Movie Review | Star Wars: The Force Awakens

I don’t go to the movies at an actual theater all that often, so I’m probably awed by the big screen and surround sound more than most. On the other hand, I’m not that awed by action for action’s sake. Film greatness brings together story line, acting, music, and visual beauty. For all these reasons, I was wowed by Star Wars: The Force Awakens and loved it, both the movie and the process of wowing itself. The part of the movie that some critics disliked—its similarity to the first Star Wars trilogy—didn’t bother me, because it’s been so long since I’ve seen it. And a couple of the points of similarity seem to me to be worthy of further comment.

Like the original Star Wars, the film focuses on a chosen one, which of course is a dominant theme of Scripture. As in the saga of Joseph, which I’m currently exploring in a book-in-process, the identity of the chosen one is a bit ambiguous, because there is, or might be, more than one. The most likely Star Wars candidate is Rey (played by British actress Daisy Ridley), an orphan abandoned on the desert planet Jakku, whose backstory is apparently being reserved for the next episode. She’s a scrappy female who doesn’t make a big deal out of that fact. She also knows her salvage business, as well as various skills required to pull it off in the Wild West of Jakku, and yet she’s definitely learning as she goes. She soon pairs up with Finn (John Boyega), another abandoned soul, and perhaps a lesser chosen one, who was kidnapped by the bad guys of the First Order and forced into service as one of their stormtroopers. He deserts with the help of the third big new character, Poe (Oscar Isaac), an ace pilot with the Resistance, the force that opposes the domination of the First Order.

I liked the resonance with biblical portrayals of the chosen one as the least and most unlikely.

Han Solo, played as in the original by Harrison Ford with his usual aplomb, provides a counter to even that sort of chosen one. Han is among the good guys, but hard to designate as a hero. Even when he’s in the middle of the action, he’s Joseph doing time in Potiphar’s jail, Moses in Midian, David out somewhere with the sheep. As a fellow sixty-something, I especially liked him in this film, defying the decades that tend to make him an even more unlikely hero. Rey, who sort of replaces Han, is on the other hand close to Joseph’s age at the beginning of his story. But unlike Joseph, who is clearly designated as the chosen one from the outset, she must incrementally discover and embrace her chosen qualities.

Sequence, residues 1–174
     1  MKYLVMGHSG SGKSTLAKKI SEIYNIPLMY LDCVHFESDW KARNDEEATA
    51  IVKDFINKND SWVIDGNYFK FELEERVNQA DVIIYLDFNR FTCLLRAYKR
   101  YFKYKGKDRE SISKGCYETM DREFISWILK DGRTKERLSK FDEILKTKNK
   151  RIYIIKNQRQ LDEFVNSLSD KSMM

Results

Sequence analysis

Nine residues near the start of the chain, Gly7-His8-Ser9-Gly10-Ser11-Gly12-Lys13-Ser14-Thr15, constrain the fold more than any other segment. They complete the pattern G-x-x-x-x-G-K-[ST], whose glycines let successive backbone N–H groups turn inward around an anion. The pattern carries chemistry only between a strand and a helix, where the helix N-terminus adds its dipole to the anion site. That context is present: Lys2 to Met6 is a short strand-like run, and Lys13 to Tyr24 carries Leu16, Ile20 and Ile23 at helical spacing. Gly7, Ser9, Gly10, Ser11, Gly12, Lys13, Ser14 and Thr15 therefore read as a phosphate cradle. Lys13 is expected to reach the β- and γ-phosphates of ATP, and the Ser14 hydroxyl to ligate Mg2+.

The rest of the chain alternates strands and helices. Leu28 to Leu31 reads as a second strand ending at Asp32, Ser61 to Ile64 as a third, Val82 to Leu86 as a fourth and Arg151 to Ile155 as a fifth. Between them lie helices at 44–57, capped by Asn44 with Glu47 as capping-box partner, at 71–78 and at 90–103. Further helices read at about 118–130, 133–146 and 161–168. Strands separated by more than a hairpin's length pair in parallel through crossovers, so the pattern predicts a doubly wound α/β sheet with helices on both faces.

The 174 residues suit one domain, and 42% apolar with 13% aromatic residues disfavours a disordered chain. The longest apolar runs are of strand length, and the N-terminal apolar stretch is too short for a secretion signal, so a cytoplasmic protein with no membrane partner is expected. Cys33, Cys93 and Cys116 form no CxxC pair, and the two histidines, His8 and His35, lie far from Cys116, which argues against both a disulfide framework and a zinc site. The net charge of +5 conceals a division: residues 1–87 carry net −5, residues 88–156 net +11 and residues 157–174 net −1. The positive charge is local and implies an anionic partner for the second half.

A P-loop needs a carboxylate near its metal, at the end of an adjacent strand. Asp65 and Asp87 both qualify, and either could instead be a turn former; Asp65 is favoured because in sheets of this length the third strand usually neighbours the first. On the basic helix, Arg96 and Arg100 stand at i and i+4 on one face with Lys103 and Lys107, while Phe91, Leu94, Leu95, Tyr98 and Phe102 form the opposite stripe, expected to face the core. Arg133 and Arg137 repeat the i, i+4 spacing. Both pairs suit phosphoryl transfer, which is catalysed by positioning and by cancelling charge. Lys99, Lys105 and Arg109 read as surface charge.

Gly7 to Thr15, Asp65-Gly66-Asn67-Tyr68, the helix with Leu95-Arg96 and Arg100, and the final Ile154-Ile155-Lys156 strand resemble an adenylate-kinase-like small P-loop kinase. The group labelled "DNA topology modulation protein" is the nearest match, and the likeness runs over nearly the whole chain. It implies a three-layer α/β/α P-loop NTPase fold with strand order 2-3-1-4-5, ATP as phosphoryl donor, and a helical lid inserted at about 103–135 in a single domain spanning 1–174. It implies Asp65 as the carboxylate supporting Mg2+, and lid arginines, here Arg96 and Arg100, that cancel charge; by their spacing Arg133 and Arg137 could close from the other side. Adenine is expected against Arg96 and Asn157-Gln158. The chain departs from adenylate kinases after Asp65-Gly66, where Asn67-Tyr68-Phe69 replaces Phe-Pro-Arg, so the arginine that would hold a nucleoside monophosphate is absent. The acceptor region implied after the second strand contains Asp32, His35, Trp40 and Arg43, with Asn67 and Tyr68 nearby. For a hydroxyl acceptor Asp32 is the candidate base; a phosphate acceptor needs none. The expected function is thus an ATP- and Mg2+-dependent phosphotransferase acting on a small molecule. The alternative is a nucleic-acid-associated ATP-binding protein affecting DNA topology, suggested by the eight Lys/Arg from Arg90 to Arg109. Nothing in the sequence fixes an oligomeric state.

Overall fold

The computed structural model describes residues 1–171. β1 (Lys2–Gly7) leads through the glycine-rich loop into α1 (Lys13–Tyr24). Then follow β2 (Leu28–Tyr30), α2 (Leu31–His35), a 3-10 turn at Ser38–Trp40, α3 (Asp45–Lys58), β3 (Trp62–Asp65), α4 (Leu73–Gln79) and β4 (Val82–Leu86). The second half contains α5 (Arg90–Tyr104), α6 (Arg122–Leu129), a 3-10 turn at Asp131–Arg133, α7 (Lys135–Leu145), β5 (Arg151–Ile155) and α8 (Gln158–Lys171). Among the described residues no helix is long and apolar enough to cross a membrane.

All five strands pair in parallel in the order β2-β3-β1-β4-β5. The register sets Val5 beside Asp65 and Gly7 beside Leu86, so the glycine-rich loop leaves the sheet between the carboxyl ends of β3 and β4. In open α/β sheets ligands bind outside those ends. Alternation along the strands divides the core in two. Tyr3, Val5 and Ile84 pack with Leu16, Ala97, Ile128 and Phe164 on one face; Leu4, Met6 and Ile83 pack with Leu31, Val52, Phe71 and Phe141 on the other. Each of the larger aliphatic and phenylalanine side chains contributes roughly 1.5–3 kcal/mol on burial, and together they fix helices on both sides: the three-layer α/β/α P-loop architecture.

Joseph, of course, grows into his assigned greatness as he serves his father and his father’s God, and Rey’s story lacks that element. But the story isn’t exactly atheistic, as some have claimed. The Force is not the God of Jacob, but it’s also not just impersonal force. “The Force be with you” is said only once in the film, and that with just the right nuance by Princess, now-General, Leia (Carrie Fisher). But the slogan expresses a hope that the Force will somehow opt to be with you, not just that you will figure out how to access the Force. So, even though the Force moves through all living things and even though the chief evildoer, Darth Vader’s protégé Kylo Ren (Adam Driver) employs it to great effect, the Force also seems to have a will of its own. It “awakens” as in the subtitle just in time to help the good-guy Resistance overcome the evil First Order. I’m not sure the scriptwriter intended it this way. The metaphysical tone seems intent on being Eastern and non-theistic, but the story doesn’t really work with a completely impersonal energy. So, when the Force awakens, it takes sides, and it’s the side of the good guys. To advance that side, the Force seems to select Rey, who only gradually realizes she’s been chosen, but somehow resembles a biblical chosen one.

A final parallel with Scripture: Film critic Peter Travers says, “As any Star Wars fan knows, bloodlines are crucial to the plot” (Rolling Stone). As in the original episodes, the pull of bloodline transcends even the polarity of good and evil. The chosen one is sometimes chosen despite lineage (or in the Bible despite birth order), yet lineage still shapes destiny. Star Wars highlights the truth that one can choose to either live up to pedigree or defy it, and that choice can determine the outcome of the whole story.



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